Constitutional safeguards against centralization in federal states: An international cross-section analysis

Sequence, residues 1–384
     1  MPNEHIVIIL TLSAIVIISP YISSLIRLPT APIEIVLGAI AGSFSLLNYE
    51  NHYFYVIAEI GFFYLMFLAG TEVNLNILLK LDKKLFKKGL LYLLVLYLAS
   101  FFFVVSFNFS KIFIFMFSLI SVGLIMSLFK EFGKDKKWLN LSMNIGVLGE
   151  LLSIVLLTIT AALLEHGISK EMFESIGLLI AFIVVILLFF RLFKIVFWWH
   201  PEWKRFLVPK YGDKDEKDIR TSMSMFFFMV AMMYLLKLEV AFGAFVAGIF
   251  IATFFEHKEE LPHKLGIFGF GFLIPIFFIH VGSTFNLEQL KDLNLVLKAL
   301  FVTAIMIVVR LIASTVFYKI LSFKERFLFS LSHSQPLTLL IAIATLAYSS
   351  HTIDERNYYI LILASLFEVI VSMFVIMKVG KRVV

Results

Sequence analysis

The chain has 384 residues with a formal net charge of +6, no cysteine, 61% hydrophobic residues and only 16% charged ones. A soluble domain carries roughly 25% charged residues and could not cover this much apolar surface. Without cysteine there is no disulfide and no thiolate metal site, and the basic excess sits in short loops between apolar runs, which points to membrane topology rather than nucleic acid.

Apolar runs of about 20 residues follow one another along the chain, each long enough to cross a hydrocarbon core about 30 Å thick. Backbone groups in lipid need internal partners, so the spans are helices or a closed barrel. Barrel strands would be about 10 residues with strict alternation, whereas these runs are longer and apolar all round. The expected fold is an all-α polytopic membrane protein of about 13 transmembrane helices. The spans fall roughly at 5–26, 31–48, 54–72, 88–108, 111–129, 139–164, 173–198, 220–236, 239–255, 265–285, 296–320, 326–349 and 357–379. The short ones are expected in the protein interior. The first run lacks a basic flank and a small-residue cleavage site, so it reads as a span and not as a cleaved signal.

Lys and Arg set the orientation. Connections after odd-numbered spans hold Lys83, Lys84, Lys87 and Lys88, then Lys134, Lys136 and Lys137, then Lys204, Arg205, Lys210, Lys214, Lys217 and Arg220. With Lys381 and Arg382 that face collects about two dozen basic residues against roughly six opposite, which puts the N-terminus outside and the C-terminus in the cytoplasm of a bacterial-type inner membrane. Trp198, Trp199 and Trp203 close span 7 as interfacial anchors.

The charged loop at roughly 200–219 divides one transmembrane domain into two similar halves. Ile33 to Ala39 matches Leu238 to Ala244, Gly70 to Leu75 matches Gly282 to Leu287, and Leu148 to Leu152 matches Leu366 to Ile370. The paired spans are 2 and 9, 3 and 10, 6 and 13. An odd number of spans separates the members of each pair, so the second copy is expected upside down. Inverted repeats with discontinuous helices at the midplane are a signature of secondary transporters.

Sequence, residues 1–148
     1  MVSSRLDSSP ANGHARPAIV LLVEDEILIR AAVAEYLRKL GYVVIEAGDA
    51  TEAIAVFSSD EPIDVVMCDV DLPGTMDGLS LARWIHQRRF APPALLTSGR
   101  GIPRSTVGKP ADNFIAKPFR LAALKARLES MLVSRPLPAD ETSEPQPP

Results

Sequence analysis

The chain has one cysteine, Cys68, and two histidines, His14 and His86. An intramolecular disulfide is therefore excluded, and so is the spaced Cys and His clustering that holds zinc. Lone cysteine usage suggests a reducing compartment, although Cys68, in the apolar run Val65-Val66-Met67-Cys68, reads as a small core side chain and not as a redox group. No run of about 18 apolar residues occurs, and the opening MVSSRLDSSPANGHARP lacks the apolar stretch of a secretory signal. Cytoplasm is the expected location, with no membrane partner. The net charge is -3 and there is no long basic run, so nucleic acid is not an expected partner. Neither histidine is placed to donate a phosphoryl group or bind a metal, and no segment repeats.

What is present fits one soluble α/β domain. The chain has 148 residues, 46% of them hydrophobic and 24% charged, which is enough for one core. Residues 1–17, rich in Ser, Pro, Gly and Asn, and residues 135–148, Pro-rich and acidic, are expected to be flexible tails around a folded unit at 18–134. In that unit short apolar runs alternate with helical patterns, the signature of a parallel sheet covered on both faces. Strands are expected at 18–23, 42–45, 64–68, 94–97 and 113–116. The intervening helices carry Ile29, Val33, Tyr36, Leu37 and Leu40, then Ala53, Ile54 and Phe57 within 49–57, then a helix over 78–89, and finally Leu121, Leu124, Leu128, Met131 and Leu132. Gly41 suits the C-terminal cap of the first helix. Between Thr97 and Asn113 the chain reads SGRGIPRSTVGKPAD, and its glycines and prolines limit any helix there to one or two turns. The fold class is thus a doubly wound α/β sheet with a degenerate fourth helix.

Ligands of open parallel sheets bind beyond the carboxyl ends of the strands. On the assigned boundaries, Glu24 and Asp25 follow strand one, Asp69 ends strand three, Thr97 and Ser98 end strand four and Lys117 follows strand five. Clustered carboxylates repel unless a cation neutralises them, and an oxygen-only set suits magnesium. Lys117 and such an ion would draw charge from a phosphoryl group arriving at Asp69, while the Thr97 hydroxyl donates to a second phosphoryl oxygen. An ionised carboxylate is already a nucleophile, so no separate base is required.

This paper contains an international cross-section analysis of the share of central government expenditure in total government expenditure for a sample of about 50 countries and a subsample of 23 industrial countries in 1989–91. The expenditure shares, their changes and the unexplained residuals for each country are reported in Table 1. As the analysis demonstrates, the share of central government is significantly lower, if income per capita and the country's area are large and if it is a federal state. The explanatory power of the equation rises considerably if the binary dummy for federalism is replaced by quantitative constitutional variables. The most powerful single explanatory variable is the age of the constitutional court in the complete sample or the constitutional court's independence of union institutions in the sample of industrial countries. The equation's explanatory power (adjusted for degrees of freedom) can be raised by allowing also for the degree of control which provincial institutions have over the constitution and over the second chamber and by taking into account whether an increase in federal tax rates requires a popular referendum. Other types of constitutional referenda and the relative age of the federal constitution do not seem to matter. Among the federal states, the share of central government is much larger than predicted in the United States and Mexico, and it is much smaller than predicted in Argentina and Canada. The constitutional variables are particularly helpful in explaining the relatively small share of central government in Switzerland, Malaysia, Germany and Austria. The last section draws conclusions for the design of constitutions with some special applications to the European Union. Copyright Kluwer Academic Publishers 1996
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